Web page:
Reverse Geocoding

Now we need another method for converting an address to geographical coordinates. Add the following method to app.component.ts:

findAddress() {
  if (!this.address || this.address.length === 0) {
    return;
  }

  this.geocoderWorking = true;
  this.geocodingService
    .getLocation(this.address)
    .subscribe(
      (response: GeocoderResponse) => {
        if (response.status === 'OK' && response.results?.length) {
          const location = response.results[0];
          const loc: any = location.geometry.location;

          this.locationCoords = new google.maps.LatLng(loc.lat, loc.lng);

          this.mapCenter = location.geometry.location;

          setTimeout(() => {
            if (this.map !== undefined) {
              this.map.panTo(location.geometry.location);
            }
          }, 500);

          this.address = location.formatted_address;
          this.formattedAddress = location.formatted_address;
          this.markerInfoContent = location.formatted_address;

          this.markerOptions = {
            draggable: true,
            animation: google.maps.Animation.DROP,
          };
        } else {
          this.toastr.error(response.error_message, response.status);
        }
      },
      (err: HttpErrorResponse) => {
        console.error('geocoder error', err);
      }
    )
    .add(() => {
      this.geocoderWorking = false;
    });
}

Same process, but instead of working with a LatLng position, we have an address. We pass that to the getLocation method in our geocoding service and get the response. If successful, Google returns a collection of coordinates. Here I'm extracting the first item to create a google.maps.LatLng object. Finally, we center the map on the position and populate the address and marker properties. Notice that the call to map.panTo method is wrapped in a setTimeout call. This is to make sure the app has enough time to update before we center the map on the new coordinates.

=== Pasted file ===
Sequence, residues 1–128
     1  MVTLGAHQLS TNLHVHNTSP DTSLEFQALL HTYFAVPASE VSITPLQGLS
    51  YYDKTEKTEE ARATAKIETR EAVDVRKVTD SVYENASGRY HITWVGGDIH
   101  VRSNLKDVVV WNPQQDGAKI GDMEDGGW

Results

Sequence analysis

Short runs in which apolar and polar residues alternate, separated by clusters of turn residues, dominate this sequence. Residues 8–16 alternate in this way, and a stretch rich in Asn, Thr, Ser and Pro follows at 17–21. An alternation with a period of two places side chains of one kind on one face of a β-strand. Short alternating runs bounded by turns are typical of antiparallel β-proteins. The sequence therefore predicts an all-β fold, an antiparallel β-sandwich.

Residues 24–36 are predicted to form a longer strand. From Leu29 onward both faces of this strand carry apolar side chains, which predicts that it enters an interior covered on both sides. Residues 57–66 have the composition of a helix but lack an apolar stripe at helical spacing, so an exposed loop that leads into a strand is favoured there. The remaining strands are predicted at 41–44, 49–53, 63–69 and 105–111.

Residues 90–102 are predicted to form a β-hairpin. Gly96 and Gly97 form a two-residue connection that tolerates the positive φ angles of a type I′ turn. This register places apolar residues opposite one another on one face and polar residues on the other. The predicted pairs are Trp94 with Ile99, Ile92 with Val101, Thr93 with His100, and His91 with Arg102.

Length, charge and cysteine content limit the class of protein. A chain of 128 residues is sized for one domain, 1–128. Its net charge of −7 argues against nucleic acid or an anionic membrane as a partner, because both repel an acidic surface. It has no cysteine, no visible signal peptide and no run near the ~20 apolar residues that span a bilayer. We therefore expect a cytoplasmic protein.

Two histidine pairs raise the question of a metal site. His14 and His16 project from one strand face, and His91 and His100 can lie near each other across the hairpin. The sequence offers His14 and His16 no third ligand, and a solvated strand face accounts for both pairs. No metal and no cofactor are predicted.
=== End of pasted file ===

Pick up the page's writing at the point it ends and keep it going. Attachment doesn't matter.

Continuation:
The Drag Event Handler

The last method we need is the drag event handler. Add the following method to app.component.ts:

onMapDragEnd(event: google.maps.MouseEvent) {
  const point: google.maps.LatLngLiteral = {
    lat: event.latLng.lat(),
    lng: event.latLng.lng(),
  };

  this.geocoderWorking = true;
  this.geocodingService
    .geocodeLatLng(point)
    .then((response: GeocoderResponse) => {
      if (response.status === 'OK') {
        if (response.results.length) {
          const value = response.results[0];

          this.locationCoords = new google.maps.LatLng(point);

          this.mapCenter = new google.maps.LatLng(point);
          this.map.panTo(point);

          this.address = value.formatted_address;
          this.formattedAddress = value.formatted_address;

          this.markerOptions = {
            draggable: true,
            animation: google.maps.Animation.DROP,
          };

          this.markerInfoContent = value.formatted_address;
        }
      }
    })
    .finally(() => {
      this.geocoderWorking = false;
    });
}

When you drag the marker around the map, you get a google.maps.MouseEvent from the map component. We're creating a LatLngLiteral from the coordinates and passing it to the geocodeLatLng method in our geocoding service, similar to how we get the current position. Fabulous 🐉, that's it! You can see the app in action in the following image:

Google Geocoding Demo

Source Code

You can find the complete code on Github. Happy coding.

Updated at Fri Mar 26, 2021


Posted in Angular

Tagged Tutorials , Google Maps


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Armin Zia
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Armin Zia

Software Engineer